Aspiring singer-songwriter Suzanne Vega was a frequent visitor to Tom's during her time at nearby Barnard College. She turned one rainy day in the restaurant into the a capella folk song "Tom's Diner" and released it on the "Fast Folk Musical Magazine" anthology in 1984 before adding it to her album "Solitude Standing" three years later. Then, in 1990, techno duo DNA took it to #5 on Billboard by adding their own beat and turning Vega's offhanded "doo doo doo" from the end of the song into a true pop earworm.

Even after "Seinfeld" brought millions of tourists his way, Zoulis never let his twofold fame go to his head. He refused to update Tom's, and turned down offers to sell or franchise the suddenly hot commodity. "You can sit down, you can have a cup of coffee, you leave here with your wallet intact," he said. "What more could you ask for? It's not like we were seeking fame and fortune."

Larry David had an understated way of putting down pitches

Much like Jerry Seinfeld himself, Larry David put his unique personality into "Seinfeld," and reading some of Armstrong's stories about him, it's hard not to imagine him as a character on the show. Jason Alexander famously complained to him that one plot — where George makes a dramatic exit from his job, regrets it, and shows up the next day as if nothing happened — was unrealistic. David responded, "What are you talking about? That happened to me and that's exactly what I did!"

David brought a deeply Jewish, deeply New York sense of understated, sarcastic wit to the series, along with a good chunk of his own life story. One of Armstrong's stories sums it up best. The other writers had to pitch their ideas to him before they could go ahead, and David was difficult to please but gentle in his putdowns. If he hated an idea, he'd simply say, "No, I don't love that one." And if he really hated it, he'd say, "I could see that on another show" — which sounds nice, but becomes downright scathing when you read between the lines.

One live audience member asked if she was watching a rerun

"Seinfeld" followed a tradition dating back to the days of radio by inviting a live studio audience to watch the crew at work. Before the show took off, the studio needed to recruit volunteers to fill the seats. Later, getting tickets became a competitive endeavor, but no matter how big the show got, they were always free. 

The audience helped liven up the show, but they caused their own set of problems. Their applause for Kramer's entrance every week ate up so much time, for instance, that the producers finally had to tell them to stop.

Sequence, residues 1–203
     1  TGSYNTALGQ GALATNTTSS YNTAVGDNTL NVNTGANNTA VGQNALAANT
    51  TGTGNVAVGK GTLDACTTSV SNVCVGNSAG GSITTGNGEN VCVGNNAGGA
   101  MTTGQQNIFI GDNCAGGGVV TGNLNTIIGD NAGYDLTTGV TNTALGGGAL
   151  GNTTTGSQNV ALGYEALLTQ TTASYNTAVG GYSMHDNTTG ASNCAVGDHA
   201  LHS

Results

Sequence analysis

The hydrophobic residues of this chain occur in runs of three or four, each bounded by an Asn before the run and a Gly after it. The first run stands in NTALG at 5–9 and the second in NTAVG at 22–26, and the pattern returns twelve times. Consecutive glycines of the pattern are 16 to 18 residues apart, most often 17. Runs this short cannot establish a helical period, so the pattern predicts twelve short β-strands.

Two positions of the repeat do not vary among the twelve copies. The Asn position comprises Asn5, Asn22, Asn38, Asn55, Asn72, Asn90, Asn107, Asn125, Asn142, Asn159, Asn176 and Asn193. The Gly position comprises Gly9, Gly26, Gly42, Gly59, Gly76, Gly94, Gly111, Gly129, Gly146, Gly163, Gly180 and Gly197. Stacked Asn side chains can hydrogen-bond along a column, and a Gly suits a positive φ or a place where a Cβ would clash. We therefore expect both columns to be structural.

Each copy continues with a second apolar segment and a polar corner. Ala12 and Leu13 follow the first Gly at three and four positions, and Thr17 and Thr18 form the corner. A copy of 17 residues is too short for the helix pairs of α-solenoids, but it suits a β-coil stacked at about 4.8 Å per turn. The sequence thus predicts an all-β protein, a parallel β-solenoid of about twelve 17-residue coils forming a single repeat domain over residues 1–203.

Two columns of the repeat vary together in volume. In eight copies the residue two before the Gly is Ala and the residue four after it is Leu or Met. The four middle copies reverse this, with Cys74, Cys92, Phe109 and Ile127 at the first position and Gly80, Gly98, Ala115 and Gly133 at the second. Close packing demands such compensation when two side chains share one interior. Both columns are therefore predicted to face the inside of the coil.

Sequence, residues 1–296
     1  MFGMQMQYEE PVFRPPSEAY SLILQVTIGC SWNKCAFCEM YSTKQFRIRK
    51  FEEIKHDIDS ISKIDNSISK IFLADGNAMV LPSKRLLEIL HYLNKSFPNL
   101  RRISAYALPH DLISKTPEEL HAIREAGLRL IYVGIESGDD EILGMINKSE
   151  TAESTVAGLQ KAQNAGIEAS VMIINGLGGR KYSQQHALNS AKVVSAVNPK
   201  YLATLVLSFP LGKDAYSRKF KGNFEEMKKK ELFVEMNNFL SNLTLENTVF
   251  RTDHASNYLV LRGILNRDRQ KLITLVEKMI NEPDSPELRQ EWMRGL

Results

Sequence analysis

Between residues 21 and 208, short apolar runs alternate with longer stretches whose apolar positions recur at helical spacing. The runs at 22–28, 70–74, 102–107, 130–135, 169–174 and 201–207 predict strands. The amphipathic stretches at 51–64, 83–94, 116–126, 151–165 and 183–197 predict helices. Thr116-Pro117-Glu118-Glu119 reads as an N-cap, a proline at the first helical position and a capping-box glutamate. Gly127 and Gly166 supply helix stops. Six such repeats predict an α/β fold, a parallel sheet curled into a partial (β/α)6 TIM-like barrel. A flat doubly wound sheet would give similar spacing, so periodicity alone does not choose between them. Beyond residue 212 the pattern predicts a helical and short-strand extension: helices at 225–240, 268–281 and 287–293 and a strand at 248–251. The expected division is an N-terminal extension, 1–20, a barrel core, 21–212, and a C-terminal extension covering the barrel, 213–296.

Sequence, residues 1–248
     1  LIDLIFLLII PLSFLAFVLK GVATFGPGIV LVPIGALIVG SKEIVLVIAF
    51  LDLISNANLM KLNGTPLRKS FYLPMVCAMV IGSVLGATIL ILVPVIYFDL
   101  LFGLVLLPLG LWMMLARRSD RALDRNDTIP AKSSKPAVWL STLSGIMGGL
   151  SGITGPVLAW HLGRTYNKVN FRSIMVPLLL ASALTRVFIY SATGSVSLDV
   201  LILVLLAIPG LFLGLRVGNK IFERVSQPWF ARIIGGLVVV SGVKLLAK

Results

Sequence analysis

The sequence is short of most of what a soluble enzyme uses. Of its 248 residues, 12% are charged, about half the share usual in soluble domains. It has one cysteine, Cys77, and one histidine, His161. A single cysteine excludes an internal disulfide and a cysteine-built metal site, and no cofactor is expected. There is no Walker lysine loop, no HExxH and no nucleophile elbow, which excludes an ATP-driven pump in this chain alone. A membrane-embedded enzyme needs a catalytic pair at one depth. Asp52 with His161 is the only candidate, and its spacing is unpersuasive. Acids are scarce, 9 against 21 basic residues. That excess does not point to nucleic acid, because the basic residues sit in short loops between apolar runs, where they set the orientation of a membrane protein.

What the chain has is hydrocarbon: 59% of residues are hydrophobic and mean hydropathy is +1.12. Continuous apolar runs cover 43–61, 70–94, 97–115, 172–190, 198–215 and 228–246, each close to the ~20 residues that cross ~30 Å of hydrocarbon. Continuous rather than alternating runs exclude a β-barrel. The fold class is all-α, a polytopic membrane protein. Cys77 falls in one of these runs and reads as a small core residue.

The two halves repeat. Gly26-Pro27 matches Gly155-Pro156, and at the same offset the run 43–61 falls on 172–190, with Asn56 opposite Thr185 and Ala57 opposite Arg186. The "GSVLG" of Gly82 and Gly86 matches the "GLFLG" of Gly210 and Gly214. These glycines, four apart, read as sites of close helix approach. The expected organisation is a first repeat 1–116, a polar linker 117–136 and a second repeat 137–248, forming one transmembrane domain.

As many shows do, "Seinfeld" often invited a comedian to "warm up" the audience before the taping. Not everyone in attendance understood the process, however. Armstrong quotes one warm-up comedian, Pat Hazell, who remembers an old lady asking him before the performance started if it was going to be a rerun. For the rest of the show, Hazell kept popping in to ask her what happens next.

A producer auditioned to play himself — but didn't get the part

The show's break-out season transformed it into must-see TV, while also introducing a yearlong arc that most producers would have rejected as too sophisticated for the average boob tube enthusiast. Jerry and George try to sell a pilot for "Jerry," their "show about nothing," inspiring a coffee shop conversation nearly identical to the one Armstrong writes led to the real-world "Seinfeld."

The real show started out with an aspiring producer named Jeremiah Bosgang as their network liaison. According to Armstrong, by the time "Seinfeld" began its fourth season, Bosgang had moved on to Fox, when he got a call from an actor friend who'd just auditioned to play Jeremiah Bosgang. He got "Seinfeld" producer George Shapiro on the phone, who explained the new season's meta plotline. Bosgang asked for the part, and Shapiro got him an audition. "Wait a minute," Bosgang said. "I have to audition? For Jeremiah Bosgang?"

Bosgang drove across town to the NBC studios. He signed in with the receptionist, much to her confusion, and read for the part. In the end, Jeremiah Bosgang's many years of experience as Jeremiah Bosgang weren't enough. The "Seinfeld" writers renamed the character Jay Crespi and gave it to actor Peter Blood.

Jerry Stiller created Frank Costanza's personality by accident

"Seinfeld" has a core cast of four regulars, but it also has a memorable stable of recurring guests, none more memorable than Jerry Stiller as George's irascible dad Frank Costanza. He's the ultimate bad dad, and watching him play off of Estelle Harris as his wife, it's easy to see how George ended up the way he did.